An international team of scientists has demonstrated a potential way to restore vision in patients with retinal degenerative diseases,media reported. The scientists are known to create a functioning artificial retina using a dose of nanoparticles that restores vision to blind rodents. Because age-related degenerative vision loss is so common, many people think it’s just an inevitable consequence of age.
However, many innovative research projects have found preventive or at least ways to slow down this seemingly inevitable process.
Because many age-related vision loss is associated with retinal degeneration, many researchers have turned their attention to artificial retinal development, using electrodes and sensors to replicate retinal function. However, these repairs are not ideal because the retina requires wiring, cameras, and invasive surgery.
Another more ideal way to repair retinal function, however, is to use specially crafted nanoparticles as photosensitive catheters for retinal neurons. In the new study, researchers demonstrated how conjugated polymer nanoparticles (P3HT-NP) spread widely in sub-retinal space and restore lost vision.
To test the effectiveness and safety of these nanoparticles, the researchers looked at rodent models with pigmented retinitis. Pigmented retinitis is a genetic disease that causes gradual blindness. After injecting nanoparticles in the lower retina once, the researchers saw the activity of the visual cortex and restored vision to levels similar to those in animals with normal vision.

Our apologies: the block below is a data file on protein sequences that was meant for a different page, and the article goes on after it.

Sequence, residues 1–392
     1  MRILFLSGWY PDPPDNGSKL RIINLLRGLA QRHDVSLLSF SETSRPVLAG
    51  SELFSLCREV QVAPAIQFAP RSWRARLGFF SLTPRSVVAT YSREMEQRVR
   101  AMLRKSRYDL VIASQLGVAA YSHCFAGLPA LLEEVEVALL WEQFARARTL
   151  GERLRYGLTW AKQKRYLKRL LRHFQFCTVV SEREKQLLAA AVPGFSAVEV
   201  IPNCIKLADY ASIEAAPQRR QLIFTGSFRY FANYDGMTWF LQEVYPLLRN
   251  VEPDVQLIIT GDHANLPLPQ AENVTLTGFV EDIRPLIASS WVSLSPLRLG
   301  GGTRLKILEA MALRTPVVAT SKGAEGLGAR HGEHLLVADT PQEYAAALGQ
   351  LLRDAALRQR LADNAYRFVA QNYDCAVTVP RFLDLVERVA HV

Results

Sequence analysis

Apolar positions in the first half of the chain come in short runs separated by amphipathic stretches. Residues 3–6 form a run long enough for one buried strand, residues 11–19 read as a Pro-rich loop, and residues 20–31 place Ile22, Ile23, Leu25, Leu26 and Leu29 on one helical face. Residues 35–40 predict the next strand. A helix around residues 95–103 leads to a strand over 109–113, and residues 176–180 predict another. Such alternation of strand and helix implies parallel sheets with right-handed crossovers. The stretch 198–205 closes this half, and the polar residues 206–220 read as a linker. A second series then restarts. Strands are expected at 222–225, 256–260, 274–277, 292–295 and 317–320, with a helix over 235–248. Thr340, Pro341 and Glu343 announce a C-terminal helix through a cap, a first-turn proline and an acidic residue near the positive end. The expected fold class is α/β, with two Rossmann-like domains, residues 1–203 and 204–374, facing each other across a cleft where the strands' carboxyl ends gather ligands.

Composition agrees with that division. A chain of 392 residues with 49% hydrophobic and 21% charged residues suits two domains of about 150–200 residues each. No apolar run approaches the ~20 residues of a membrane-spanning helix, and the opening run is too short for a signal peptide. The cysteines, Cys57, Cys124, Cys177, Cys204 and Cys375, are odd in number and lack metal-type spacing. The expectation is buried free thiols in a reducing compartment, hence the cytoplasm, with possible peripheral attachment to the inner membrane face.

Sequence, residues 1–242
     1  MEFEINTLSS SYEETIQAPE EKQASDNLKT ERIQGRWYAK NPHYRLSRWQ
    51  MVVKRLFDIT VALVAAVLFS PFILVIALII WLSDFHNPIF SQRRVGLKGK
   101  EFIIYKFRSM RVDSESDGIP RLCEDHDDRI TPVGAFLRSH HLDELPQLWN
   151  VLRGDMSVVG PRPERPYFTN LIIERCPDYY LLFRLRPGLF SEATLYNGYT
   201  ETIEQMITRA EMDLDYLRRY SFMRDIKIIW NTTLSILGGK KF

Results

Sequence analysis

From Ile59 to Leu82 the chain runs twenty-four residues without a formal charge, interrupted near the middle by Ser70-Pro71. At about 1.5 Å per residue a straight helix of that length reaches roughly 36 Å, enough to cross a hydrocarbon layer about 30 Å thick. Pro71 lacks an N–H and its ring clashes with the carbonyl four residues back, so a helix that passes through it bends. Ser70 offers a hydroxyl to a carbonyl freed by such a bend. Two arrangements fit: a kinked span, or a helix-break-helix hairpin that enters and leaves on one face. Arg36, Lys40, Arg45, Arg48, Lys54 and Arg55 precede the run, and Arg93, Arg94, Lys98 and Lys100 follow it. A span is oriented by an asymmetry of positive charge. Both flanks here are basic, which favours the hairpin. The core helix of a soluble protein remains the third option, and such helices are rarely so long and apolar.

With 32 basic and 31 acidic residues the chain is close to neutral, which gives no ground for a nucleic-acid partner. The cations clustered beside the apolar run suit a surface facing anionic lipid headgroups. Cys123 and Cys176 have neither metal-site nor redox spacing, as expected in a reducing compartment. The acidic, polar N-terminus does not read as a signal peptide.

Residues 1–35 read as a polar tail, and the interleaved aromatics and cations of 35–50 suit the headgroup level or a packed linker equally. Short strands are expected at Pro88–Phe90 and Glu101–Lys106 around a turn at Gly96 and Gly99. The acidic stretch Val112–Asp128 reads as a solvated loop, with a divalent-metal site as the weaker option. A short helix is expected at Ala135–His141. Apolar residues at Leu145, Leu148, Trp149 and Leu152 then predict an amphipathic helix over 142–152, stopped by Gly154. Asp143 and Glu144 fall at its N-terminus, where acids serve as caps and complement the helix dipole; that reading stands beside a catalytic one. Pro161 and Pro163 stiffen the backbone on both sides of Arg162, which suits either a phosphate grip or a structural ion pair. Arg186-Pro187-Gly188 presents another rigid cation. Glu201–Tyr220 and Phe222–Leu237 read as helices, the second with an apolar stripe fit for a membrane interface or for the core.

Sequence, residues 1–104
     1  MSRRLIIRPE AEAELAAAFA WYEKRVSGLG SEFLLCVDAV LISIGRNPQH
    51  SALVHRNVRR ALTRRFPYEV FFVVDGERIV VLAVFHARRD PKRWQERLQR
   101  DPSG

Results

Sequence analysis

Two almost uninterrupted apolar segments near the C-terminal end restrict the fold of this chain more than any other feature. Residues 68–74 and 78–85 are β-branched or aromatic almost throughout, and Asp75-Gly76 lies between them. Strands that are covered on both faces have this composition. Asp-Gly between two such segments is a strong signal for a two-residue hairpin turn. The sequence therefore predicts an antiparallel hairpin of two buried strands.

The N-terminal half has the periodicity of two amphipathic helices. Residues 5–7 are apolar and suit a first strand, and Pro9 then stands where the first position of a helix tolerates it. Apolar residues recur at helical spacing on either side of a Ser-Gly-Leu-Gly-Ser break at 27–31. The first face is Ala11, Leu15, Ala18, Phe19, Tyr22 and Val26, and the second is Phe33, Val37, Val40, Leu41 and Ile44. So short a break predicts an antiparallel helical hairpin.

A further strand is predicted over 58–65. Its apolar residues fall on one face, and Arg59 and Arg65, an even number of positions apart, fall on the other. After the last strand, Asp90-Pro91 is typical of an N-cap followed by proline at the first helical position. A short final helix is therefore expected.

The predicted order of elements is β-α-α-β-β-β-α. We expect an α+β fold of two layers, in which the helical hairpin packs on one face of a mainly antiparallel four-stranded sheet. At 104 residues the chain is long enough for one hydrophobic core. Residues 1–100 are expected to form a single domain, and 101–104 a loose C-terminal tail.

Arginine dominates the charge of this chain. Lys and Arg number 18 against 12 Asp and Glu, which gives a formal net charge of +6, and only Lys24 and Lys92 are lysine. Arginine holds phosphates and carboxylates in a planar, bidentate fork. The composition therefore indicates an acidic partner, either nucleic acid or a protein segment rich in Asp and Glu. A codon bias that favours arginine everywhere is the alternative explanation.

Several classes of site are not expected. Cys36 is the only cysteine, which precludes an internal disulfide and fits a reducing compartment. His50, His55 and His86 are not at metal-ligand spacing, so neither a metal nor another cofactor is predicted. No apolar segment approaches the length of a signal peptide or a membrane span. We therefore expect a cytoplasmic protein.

Mattia Bramini, a researcher on the project, points out that the way nanoparticles are dispersed on the retina suggests that the technology can restore a broad field of view. This spatial resolution should be much higher than any implant available today. In addition, this simple and relatively non-invasive surgical method is more widely used than other artificial retinatechnologs.
It’s not clear how far the technology is from human trials, but the future is clear from these animal experiments. At this stage, these nanoparticles have been shown to help rodents safely and effectively restore vision for at least eight months.
“This simplest surgical procedure on retinal prosthesis implantation and extensive retinal coverage has the potential to restore the entire field of view and open a whole new path for the clinical application of P3HT polymer nanoparticles in degenerative blindness cases,” Bramini said. “